With security on everyone’s mind, organizations need to run sensitive workloads under stringent security and compliance standards. Couchbase 6.5 preview brings several new security capabilities, and node-to-node encryption has been a top wish list item for many customers.

In this blog, we will provide a quick overview of the new node-to-node encryption feature along with easy to follow steps to help you get started.

What is Node-to-Node Encryption?

In a distributed data platform like Couchbase Server, there are essentially 2 types of information exchanged between the nodes –

1. Control information that includes cluster metadata, settings, etc
2. User Data including JSON documents

In previous versions of Couchbase Server, encryption was available between client and server, and to protect XDCR traffic between data centers. In the absence of compensating security control such as network-wide IPSec, it was possible for an attacker to sniff information on the wire as long as access to the network was available. However, some of these compensating controls were hard to configure, or deploy at scale.

With the new node-to-node encryption feature in Couchbase 6.5, information that is flowing between the nodes is encrypted natively by Couchbase, without the need for installing any third-party software. The levels of encryption make it possible to only encrypt the control plane traffic, or all (control and data) between the nodes. This provides flexibility for customers so that they can pick the right encryption level they need for their use-case, while keeping performance in mind.

This doesn’t mean that node-to-node encryption solves everything. Node-to-node encryption still complements existing security controls including client-to-server encryption, encryption over XDCR, at-rest encryption, and virtual private cloud (VPC) based network-level security and isolation. The more layers of protection you add to your system, the harder you make it for an attacker to compromise it.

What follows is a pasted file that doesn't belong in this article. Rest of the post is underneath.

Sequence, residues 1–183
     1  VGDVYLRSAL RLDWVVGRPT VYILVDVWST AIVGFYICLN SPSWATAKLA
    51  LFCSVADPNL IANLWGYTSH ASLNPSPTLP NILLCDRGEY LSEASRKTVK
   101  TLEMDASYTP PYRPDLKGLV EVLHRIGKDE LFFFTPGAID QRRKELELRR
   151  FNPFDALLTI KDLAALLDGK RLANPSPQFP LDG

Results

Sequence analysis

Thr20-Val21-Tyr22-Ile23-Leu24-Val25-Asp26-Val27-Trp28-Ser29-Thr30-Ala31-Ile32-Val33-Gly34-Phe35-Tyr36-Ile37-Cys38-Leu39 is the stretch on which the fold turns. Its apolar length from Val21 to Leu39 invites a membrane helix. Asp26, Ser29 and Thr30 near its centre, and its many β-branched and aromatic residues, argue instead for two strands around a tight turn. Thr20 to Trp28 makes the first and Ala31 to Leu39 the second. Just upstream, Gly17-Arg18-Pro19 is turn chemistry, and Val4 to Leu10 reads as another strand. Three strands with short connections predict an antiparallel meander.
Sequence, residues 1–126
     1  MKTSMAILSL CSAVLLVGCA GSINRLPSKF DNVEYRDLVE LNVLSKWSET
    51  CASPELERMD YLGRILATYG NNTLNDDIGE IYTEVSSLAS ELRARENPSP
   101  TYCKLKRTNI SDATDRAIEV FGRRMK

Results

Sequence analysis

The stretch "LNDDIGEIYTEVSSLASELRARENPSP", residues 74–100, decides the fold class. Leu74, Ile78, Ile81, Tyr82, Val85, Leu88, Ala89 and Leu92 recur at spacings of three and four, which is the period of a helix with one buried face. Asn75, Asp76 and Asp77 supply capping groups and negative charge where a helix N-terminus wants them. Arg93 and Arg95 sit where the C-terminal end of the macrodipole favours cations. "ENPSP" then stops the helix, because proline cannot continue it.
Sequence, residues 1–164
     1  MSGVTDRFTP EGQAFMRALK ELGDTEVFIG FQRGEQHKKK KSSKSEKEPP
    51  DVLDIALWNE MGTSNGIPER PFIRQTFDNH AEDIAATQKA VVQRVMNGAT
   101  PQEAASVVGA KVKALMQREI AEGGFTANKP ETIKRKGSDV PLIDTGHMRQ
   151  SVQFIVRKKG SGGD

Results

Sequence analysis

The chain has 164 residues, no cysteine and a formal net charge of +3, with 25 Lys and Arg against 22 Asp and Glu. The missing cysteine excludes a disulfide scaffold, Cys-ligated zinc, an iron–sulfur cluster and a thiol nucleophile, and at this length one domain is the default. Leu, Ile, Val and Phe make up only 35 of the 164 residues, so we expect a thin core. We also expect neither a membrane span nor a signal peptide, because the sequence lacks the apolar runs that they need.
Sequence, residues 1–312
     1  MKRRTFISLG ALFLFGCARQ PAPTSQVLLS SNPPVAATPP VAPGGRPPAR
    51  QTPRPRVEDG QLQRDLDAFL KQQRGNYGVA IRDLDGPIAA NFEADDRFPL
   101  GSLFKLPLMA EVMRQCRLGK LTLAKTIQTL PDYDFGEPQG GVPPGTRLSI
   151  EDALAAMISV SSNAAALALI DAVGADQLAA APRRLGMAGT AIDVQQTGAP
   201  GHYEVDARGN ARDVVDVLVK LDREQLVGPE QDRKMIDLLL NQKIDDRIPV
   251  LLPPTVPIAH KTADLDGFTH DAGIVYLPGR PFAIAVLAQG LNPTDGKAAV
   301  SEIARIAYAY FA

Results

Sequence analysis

Node-to-node, not within a node

Based on customer feedback, the node-to-node encryption feature was added to 6.5. This feature took several months in the making, even though it might appear as if it applies a blanket TLS across all the cluster nodes. The following picture depicts some of the changes made in the cluster manager of Couchbase –

The red line indicates the local interactions that exist between the different processes on the same physical node –  ns_babysitter, ns_server and ns_couchdb VMs. The blue line indicates the external interactions between ns_server VMs running on different nodes in the cluster. The interactions shown in red would always remain unencrypted regardless of cluster encryption being enabled or not. This is because we don’t want to unnecessarily overwhelm the running processes with encryption. On the other hand, external interactions (shown in blue) are encrypted when cluster encryption is turned on.

How to setup Node-to-Node Encryption?

Setting up node-to-node encryption is easy, and In this section, we will describe step by step instructions you can follow to get it setup –

Step 1: Install Couchbase Server 6.5 on 2 nodes. Let’s call these nodes node-1 and node-2.

Step 2: If this is a brand new cluster, during the graphical setup of the nodes, you will be prompted to select whether or not node-to-node encryption is enabled. By default, node encryption is not enabled. 

Check the “enable cluster encryption” check-box in the dialog and proceed.

This setting is only applicable if all the nodes in the cluster are version 6.5 or higher. If this is a new 6.5 cluster, all new nodes joining the cluster will inherit this setting. 

For an existing cluster that is upgraded to 6.5 or a new cluster, this operation can also be done using the CLI command as shown below –

$> ./couchbase-cli node-to-node-encryption -c localhost:8091 -u <cluster-username> -p <cluster-password> –enable

Step 3: Check the setting to ensure that cluster encryption is enabled

./couchbase-cli setting-security –get -c localhost:8091 -u <cluster-username> -p <cluster-password>

{“disableUIOverHttp”: false, “disableUIOverHttps”: false, “clusterEncryptionLevel”: “control”}